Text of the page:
From research such as this, it seems that there is a plausible, scientific basis for a mechanism of action of Homeopathic remedies. However, I am still quite sceptical of the deeply esoteric explanations offered by Classical Homeopathy.

Confusing Clinical Trials

When one tries to search for studies or clinical research done on the effectiveness of homeopathic remedies, many conflicting research can be found. Some research indicates that homeopathic remedies have the same effect as a placebo, whilst others show statistically significant results. How can this be?

To answer this question, one must first understand how Homeopaths find the “cure” (referred to as the simillimum). The Homeopath takes time to compile a detailed profile of the patient, symptoms, psychological attributes, and cases in which symptoms are better or worse. This is then matched to a remedy profile in a Materia Medica. This process is obviously quite personalised to the patient, and not at all resembles the relatively reductionist method of conventional medicine to match a disease to a drug. Because of this level of personalisation applied to treatment, the standard model of double-blind, placebo-controlled clinical research does not work, which results in non-“gold standard” research being conducted. This research is then classified by others in the medical world as low quality and discarded when performing meta analyses, and other such reviews of the literature.

My Conclusions

Although I used to quickly manifest a derogatory scoff at the thought of Homeopathy, I have come to develop an appreciation for this novel medical paradigm. Whilst I still cannot completely comprehend how it could possibly work, I have seen many examples of homeopathic remedies work for close friends and family (my wife included). There is a growing body of research providing compelling evidence for a possible mechanism of action. However, this is sharply contrasted by the rather bizarre and often irregular methods of arriving at a cure for a particular patient. In the end, I can’t help but imagine that there is something very real happening when one sucks on a homeopathic dilution sprayed onto some sugar balls that allows my wife to sleep at night. After all, many millions of people around the world make use of Homeopathy; many using it as primary care. If it was simply placebo sugar pills, could such a system of medicine have possibly become so successful?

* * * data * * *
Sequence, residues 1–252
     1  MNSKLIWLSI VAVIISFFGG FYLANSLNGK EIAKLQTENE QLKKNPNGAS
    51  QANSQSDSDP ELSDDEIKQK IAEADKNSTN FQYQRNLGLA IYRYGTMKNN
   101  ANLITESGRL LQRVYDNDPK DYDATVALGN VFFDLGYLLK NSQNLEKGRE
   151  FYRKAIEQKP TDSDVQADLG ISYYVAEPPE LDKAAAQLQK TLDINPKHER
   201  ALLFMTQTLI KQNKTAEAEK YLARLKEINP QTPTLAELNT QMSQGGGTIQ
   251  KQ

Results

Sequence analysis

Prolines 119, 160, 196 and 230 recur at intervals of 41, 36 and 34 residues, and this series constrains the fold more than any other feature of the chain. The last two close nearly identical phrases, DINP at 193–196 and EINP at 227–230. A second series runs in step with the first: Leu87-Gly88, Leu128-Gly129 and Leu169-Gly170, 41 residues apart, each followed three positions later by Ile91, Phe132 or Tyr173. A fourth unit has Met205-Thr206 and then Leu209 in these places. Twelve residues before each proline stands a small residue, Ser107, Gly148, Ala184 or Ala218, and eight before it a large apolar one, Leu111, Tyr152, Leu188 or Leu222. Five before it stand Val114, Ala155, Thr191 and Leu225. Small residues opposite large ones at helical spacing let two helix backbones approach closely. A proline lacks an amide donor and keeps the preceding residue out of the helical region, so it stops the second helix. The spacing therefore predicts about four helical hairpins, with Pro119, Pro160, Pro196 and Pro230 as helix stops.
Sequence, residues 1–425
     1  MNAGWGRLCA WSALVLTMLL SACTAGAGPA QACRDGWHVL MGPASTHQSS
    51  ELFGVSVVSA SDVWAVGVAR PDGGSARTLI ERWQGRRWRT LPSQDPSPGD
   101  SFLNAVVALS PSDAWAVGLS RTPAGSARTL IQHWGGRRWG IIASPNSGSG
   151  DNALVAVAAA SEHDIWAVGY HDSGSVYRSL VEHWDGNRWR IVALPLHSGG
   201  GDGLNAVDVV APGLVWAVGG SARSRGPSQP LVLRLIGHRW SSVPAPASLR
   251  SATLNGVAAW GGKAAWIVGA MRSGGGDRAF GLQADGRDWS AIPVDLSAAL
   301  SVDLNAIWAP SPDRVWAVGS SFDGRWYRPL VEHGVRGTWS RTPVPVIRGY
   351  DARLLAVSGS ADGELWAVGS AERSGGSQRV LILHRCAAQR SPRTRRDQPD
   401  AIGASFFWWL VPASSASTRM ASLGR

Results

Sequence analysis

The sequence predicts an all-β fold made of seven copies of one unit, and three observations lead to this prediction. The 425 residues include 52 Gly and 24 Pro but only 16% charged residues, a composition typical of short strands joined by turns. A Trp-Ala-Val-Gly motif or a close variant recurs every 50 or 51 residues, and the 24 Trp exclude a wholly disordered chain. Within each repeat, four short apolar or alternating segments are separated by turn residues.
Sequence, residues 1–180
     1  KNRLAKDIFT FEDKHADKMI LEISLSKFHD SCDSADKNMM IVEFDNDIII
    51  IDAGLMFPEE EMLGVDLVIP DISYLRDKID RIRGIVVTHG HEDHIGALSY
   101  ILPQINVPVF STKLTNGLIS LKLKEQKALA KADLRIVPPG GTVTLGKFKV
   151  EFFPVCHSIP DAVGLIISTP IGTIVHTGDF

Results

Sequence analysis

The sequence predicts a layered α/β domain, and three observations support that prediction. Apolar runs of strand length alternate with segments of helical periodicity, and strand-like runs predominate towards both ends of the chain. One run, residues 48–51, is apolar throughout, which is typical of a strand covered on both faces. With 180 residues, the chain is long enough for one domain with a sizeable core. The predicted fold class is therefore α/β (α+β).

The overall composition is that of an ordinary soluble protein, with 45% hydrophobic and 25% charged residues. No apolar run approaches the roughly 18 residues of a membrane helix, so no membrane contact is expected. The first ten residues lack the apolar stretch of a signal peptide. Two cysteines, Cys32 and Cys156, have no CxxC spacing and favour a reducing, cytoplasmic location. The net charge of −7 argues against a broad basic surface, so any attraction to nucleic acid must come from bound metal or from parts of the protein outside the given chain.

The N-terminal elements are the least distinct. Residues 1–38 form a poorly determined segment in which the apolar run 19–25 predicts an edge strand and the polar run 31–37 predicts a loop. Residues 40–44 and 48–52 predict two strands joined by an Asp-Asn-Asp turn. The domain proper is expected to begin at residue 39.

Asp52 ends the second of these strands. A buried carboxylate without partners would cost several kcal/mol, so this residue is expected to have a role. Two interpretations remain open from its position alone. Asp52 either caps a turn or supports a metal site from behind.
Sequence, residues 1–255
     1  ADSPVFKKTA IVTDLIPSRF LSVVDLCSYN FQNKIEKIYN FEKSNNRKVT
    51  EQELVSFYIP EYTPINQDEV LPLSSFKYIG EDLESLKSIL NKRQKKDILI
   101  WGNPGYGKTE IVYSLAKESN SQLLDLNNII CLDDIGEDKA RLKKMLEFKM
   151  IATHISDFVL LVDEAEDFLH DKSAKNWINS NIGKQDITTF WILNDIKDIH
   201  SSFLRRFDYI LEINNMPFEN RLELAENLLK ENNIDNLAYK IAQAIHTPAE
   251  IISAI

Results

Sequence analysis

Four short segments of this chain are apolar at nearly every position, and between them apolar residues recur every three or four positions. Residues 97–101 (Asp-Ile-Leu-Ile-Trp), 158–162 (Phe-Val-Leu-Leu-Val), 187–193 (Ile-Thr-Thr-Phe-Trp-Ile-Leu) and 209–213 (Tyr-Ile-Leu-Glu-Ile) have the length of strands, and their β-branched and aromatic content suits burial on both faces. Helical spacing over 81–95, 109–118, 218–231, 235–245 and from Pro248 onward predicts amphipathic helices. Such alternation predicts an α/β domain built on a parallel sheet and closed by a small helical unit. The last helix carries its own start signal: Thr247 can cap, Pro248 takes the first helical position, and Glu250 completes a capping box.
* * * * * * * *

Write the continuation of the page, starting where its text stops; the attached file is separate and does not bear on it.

[1] Wikipedia: Belladonna
[2] Sense about Homeopathy
[3] Classical Homeopathy
[4] Biofield Science and Healing: History, Terminology, and Concepts
[5] Bell, R., Koithan, M. (2012). “A model for homeopathic remedy effects: low dose nanoparticles, allostatic cross-adaptation, and time-dependent sensitization in a complex adaptive system“.